So apparently the universe has decided that my blog should be absolutely no fun at all, and should instead focus on eulogizing famous people. (Just for that, universe, I’m taking you off my Christmas card list this year.)
Since the tragic death of José Fernández earlier today, we’ve learned that country music pioneer Jean Shepard and golf titan Arnold Palmer have also passed away. Add these names to the long list of famous figures that have died this year (Bowie, Rickman, Wilder, Wiesel, Summit, Safer, Clark, Roberts, Prince, Haggard, Feek, Ali, Howe, etc., etc.), and it’s enough to make you wonder if all this is more than just random chance. Is 2016 an anomaly, or the start of a trend?
Believe it or not, I think it’s the latter! But it’s a much more boring story than you might expect. To understand the issue, we need to consider the following two factors:
- The world’s population is getting larger. To quote Wikipedia:
“The last 100 years have seen a massive fourfold increase in the population, due to medical advances, lower mortality rates, an increase in agricultural productivity made possible by the Green Revolution, and of course, by people having too many babies.” —From the “Population Growth” article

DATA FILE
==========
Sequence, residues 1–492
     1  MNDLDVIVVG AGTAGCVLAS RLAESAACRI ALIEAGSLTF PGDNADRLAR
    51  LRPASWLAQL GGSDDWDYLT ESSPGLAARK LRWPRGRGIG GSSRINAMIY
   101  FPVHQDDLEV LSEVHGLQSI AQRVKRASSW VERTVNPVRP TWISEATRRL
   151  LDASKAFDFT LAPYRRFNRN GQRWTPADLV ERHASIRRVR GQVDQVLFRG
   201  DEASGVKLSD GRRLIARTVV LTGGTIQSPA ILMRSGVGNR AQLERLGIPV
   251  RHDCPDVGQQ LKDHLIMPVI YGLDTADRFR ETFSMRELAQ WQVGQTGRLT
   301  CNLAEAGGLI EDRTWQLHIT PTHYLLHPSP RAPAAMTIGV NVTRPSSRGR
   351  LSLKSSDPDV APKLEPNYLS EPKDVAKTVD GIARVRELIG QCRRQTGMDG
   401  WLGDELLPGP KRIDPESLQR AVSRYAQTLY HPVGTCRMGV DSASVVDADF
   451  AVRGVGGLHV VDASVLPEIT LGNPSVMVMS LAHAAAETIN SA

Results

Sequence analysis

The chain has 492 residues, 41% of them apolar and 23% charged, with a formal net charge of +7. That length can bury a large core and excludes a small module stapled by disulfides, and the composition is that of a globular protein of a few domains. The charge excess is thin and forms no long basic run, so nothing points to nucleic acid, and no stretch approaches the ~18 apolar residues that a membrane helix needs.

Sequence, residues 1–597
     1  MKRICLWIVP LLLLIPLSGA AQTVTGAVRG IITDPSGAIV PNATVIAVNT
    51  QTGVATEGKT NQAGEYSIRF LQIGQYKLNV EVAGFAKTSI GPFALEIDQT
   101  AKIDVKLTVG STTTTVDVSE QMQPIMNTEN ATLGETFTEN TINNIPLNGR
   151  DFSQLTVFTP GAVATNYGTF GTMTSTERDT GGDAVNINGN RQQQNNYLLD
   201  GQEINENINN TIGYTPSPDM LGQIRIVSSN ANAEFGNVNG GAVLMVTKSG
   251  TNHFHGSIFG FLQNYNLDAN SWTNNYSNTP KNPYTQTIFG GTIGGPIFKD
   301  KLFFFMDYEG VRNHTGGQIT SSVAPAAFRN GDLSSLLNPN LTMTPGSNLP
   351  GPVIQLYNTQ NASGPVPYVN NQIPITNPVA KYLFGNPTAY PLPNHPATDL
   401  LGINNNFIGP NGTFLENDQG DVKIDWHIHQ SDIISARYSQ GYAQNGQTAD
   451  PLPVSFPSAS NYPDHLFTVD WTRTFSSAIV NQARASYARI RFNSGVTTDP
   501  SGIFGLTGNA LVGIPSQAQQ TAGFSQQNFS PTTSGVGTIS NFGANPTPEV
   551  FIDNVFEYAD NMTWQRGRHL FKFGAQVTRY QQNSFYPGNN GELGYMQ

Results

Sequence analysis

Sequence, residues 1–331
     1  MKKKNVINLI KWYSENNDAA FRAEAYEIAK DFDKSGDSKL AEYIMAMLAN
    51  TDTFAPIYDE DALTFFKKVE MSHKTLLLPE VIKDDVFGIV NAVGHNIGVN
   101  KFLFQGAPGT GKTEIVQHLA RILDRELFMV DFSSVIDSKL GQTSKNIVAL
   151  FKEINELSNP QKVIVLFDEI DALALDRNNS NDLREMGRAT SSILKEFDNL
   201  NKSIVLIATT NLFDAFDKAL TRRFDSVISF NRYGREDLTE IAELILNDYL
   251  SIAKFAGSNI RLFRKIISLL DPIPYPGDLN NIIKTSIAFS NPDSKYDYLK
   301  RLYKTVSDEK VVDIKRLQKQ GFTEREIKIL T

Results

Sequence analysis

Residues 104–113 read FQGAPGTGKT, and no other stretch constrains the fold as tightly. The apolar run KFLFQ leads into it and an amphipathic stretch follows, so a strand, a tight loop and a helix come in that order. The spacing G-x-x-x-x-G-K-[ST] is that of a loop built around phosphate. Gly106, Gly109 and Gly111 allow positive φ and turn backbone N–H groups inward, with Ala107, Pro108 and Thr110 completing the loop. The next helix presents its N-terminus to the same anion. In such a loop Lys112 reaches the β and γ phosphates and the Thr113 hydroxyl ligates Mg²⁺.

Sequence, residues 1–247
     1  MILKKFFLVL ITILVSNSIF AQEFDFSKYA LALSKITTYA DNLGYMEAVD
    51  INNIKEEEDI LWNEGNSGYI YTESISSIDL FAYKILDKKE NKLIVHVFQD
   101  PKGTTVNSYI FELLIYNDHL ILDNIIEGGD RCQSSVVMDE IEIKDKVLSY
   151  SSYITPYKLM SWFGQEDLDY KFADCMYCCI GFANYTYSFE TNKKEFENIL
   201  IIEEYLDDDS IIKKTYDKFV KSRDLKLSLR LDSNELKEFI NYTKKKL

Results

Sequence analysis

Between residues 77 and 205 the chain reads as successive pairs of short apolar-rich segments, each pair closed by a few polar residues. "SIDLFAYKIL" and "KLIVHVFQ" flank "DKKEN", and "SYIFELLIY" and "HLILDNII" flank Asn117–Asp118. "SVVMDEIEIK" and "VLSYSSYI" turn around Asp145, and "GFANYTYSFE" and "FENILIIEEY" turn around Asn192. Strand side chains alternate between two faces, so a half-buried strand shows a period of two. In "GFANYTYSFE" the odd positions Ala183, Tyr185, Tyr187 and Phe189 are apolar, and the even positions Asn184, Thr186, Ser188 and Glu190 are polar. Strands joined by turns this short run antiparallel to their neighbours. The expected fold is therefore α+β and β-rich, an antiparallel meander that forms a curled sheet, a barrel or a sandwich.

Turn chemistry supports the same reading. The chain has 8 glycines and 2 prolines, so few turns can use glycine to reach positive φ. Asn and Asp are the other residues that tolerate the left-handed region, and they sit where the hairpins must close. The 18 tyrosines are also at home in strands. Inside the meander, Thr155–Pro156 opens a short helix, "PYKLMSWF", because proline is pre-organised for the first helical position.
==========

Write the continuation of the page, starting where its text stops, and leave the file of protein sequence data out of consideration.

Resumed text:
The current population of the world is estimated to be over 7.3 billion, up from just over 6 billion in 2000. More people living eventually to more people dying, so we would expect an increase in the number of deaths we see over time (in the U.S., for example, the number of total deaths increased from 1935 to 2000 even as the death rate dropped). If we assume that the ratio of “famous” people to “non-famous” people stays constant during this increase, then we also expect to see more notable deaths as well.
- The world’s population is getting older. A growing population is one thing, but an aging population is another, and it’s aging fast: The United Nations reports that “the over 60 population is the fastest growing age group,” and estimates that by 2050, there will be more people over 60 in the world than people between 10 and 24 years old.Here, things get a little tricky: While we might glibly declare that “old people die more often than young people,” in reality this is highly dependent on where someone lives:
“In high-income countries, 7 in every 10 deaths are among people aged 70 years and older…In low-income countries, nearly 4 in every 10 deaths are among children under 15 years, and only 2 in every 10 deaths are among people aged 70 years and older.” —The World Health Organization, “The Top 10 Causes of Death”
Therefore, the deaths we are most likely to hear about here in the “high-income” U.S. are older people.
Take a look back at the list of high-profile deaths above. Of the sixteen people mentioned above, the average age of death was just a hair under 72, and only two of those named were under the age of 55 (Fernández at 24 and Joey Feek at 40). Although this analysis suffers from severe selection bias and a small sample size, it appears to corroborate our larger findings.
So yes, we should expect to see more high-profile deaths than in the past, but no, I wouldn’t attribute this fact to anything nefarious. From what I can see, this rush of deaths is nothing more than a numbers game.